So how do they manage to run a complaints process that delivers some of the most trusted and free news media in the world? First, its media organises it themselves. In 1968, the major news outlets and the journalists’ union established a Council for Mass Media. It is 75 per cent funded by news companies and 25 per cent by the government, but the news industry controls it and the public funding is delivered with no strings attached.
Second, even though it is voluntary, virtually everyone is involved. About 95 per cent of all journalists working in Finland’s news media outlets are members of the council and subject to its complaints processes. This includes newspapers, websites, radio and television stations and the public broadcaster. There is no equivalent of ACMA. None of the decisions made by the council are legally binding, but their rulings are universally respected and followed.
And finally, the public is involved in a meaningful way. Of the council’s 13 members, five represent the public. Those public positions are widely advertised and chosen to ensure a good representation of the community. The remaining eight are mostly senior and respected journalists, who understand the reality of editorial standards.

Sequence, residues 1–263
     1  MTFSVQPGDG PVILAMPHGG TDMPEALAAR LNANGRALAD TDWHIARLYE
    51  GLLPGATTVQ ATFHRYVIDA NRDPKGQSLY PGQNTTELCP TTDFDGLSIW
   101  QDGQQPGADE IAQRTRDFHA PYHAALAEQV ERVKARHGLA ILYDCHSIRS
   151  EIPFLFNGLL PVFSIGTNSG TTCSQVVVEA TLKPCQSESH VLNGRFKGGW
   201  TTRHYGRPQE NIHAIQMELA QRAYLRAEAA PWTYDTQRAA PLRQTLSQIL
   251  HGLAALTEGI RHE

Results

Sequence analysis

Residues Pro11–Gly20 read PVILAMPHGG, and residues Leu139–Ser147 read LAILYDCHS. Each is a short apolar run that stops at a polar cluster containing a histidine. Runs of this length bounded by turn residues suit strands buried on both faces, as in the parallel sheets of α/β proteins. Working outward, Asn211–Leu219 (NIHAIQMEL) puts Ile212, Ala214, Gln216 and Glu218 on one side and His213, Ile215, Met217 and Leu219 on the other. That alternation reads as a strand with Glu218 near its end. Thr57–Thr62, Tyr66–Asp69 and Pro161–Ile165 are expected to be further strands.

So it is possible to create a widely respected and effective model of self-regulation that is partly government-funded but rigorously independent. One that results in the most trusted news media in the world, and means every news outlet (whether a newspaper, a website or a broadcaster) is held to the same high standards by the same body, with genuine and effective public involvement.
You could start by building on the existing Press Council and handing it both part of ACMA’s role and part of its funding. After all, the Press Council already has many of the features you need, including members drawn from the public. Broadening its membership would reduce some of the challenges caused by a concentration of funding from one or two major media companies.
Or you could start all over again with the creation of a new body that all news media sign up to. Either way, you would be demonstrating that, when it comes to journalism, nothing matters more than public trust.
What are we waiting for?
This article was first published in the Sydney Morning Herald.
Alan Sunderland is a former Editorial Director of the ABC. He is currently an independent member of the Australian Press Council and executive director of the international Organisation of News Ombudsmen, as well as holding other roles including as a director of ABC Alumni. These views are his own.
*For the Alumni’s view of the ACMA ruling, see ACMA Wrong on Four Corners’ Fox program and chair Jonathan Holmes’ letter to the regulator.